Composed on plovers.
oki tsu shio sashide no iso no hama chidori kaze samukarashi yowa ni tomo yobu From the offing the tides Strike the shore at Sashide; On the beach plovers, Chilled by the wind Call for their mates at midnight.
Supernumerary Middle Counsellor [Fujiwara no] Nagakata (1139-1191)
ōmi no umi michikuru shio mo naki mono o tare karasaki to iihajimeken The sea at Ōmi Swelling tides Does lack, so Who was that to Karasaki – a pointless point – Did first give the name, I wonder?
From the beach at Ajiro in Ise.
iso ni saku
aziro no wogiku
tama to zo tomemu
nami no sitagusa Blooming on the rocks
Ajiro’s tiny chrysanths
Between the tides are
Gems that I would seek,
Weeds beneath the waves…
wata tsu umi no
mono’omoi kana Beyond the clouds
My gaze goes on and on;
The endless sea:
What lies beyond is unknown
As my gloomy thoughts…
ise no umi no
shiose ni sawagu
kudakete mono o
omou koro kana The sea at Ise:
Raging rapids with the tides,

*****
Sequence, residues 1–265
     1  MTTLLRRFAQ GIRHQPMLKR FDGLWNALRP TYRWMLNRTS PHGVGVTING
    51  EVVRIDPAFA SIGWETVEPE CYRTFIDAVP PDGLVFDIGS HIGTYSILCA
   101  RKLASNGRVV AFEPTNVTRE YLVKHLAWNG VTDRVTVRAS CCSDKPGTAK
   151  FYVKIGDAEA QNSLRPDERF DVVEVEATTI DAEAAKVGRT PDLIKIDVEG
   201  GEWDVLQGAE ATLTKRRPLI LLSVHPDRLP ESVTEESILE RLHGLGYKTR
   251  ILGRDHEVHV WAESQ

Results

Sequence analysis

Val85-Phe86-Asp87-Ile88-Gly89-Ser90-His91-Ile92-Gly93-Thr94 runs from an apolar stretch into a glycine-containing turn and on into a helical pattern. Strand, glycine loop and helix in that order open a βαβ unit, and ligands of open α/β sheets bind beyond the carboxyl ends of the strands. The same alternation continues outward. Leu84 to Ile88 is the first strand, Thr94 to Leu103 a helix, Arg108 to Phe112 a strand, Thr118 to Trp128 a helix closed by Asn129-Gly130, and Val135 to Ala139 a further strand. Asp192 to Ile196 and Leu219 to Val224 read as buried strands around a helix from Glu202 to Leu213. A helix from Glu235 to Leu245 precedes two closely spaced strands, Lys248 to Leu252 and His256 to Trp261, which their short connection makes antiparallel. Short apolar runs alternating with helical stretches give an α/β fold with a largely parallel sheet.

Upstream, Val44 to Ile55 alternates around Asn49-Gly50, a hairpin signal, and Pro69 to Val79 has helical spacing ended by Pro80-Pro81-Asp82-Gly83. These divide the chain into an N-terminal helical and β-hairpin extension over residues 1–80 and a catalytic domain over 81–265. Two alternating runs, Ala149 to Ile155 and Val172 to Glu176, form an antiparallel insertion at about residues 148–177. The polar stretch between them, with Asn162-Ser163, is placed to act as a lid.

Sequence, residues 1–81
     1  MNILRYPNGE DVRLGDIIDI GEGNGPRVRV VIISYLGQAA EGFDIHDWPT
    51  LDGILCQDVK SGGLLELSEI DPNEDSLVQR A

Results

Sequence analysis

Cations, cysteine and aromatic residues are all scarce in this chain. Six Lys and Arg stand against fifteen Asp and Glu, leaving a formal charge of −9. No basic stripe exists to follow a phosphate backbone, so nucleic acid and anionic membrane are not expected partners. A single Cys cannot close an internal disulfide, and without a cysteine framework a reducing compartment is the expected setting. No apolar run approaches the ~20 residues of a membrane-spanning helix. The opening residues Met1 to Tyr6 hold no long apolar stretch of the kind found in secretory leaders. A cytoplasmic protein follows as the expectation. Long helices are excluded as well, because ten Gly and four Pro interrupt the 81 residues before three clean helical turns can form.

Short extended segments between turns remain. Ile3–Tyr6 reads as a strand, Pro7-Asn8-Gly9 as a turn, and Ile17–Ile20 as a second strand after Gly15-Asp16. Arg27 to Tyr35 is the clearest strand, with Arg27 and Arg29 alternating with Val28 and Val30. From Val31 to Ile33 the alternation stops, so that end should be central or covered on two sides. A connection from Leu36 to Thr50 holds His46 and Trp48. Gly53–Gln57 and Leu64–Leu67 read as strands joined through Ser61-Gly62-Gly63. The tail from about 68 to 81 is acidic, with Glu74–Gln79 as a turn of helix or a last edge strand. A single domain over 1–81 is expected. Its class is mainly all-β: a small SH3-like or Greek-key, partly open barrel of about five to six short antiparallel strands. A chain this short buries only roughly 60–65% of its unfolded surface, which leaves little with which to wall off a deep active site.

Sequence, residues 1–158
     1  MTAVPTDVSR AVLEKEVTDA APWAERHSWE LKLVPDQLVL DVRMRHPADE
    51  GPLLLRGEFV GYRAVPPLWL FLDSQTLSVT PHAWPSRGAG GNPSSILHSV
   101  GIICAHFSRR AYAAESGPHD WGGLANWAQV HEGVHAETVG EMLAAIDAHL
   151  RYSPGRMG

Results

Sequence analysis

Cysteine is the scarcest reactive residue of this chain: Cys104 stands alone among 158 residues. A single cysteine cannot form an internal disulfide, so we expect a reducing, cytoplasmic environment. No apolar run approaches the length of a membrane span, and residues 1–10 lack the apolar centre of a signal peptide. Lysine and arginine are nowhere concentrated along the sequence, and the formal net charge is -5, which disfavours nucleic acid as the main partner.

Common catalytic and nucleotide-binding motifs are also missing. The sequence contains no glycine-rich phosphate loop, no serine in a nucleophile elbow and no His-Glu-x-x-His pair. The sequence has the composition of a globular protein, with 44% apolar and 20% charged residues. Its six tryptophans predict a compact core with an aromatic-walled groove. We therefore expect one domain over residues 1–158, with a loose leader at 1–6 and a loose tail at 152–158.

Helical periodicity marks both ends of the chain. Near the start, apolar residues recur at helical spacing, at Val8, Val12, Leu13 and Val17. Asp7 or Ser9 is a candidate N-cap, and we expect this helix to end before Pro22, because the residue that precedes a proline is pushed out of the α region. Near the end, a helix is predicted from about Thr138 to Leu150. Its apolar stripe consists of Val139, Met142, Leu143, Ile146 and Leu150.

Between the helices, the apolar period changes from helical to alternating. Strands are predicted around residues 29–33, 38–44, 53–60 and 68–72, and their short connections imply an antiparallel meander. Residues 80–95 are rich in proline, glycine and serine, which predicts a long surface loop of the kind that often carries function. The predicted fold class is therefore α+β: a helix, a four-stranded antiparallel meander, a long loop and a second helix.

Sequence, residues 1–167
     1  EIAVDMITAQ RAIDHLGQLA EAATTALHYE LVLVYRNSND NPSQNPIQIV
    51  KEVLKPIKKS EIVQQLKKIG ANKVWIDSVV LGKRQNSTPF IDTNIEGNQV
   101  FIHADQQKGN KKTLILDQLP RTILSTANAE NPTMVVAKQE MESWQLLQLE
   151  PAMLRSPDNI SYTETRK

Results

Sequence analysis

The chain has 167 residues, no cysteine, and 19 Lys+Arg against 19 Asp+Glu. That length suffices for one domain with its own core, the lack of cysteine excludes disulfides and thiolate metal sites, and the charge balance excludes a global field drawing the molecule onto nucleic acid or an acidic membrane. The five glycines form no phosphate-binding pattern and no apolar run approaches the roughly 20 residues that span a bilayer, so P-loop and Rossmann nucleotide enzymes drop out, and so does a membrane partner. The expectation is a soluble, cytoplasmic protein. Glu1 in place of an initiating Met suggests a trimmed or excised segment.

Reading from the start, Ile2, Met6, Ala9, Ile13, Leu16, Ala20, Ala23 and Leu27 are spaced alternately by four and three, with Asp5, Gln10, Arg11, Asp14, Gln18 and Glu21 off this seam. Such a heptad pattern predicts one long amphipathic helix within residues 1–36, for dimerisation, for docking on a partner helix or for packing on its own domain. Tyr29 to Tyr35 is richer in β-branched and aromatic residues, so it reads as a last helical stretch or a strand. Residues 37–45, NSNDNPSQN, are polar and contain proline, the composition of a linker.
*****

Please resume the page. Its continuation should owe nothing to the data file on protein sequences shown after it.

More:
Filling my thoughts these days…
The Right state: the Left’s poem is clichéd. The Left state: the Right’s poem is that of Shigeyuki.
In judgement: the Left’s poem is clichéd, but in addition to this uses ‘goes on and on’ (
tsuzukite), which is not something one should say. The Right’s poem is, indeed, overly close to Shigeyuki’s, so both Left and Right poem are deficient and lacking in any element allowing a win.
For a screen in Lord Kōtoku’s house.
Fodo ni yuki kaFu
Famana no Fasi to
nadukesomeken When the tides arise
Coming and going
Do the travellers
The bridge at Hamana has no beach
Begin to say?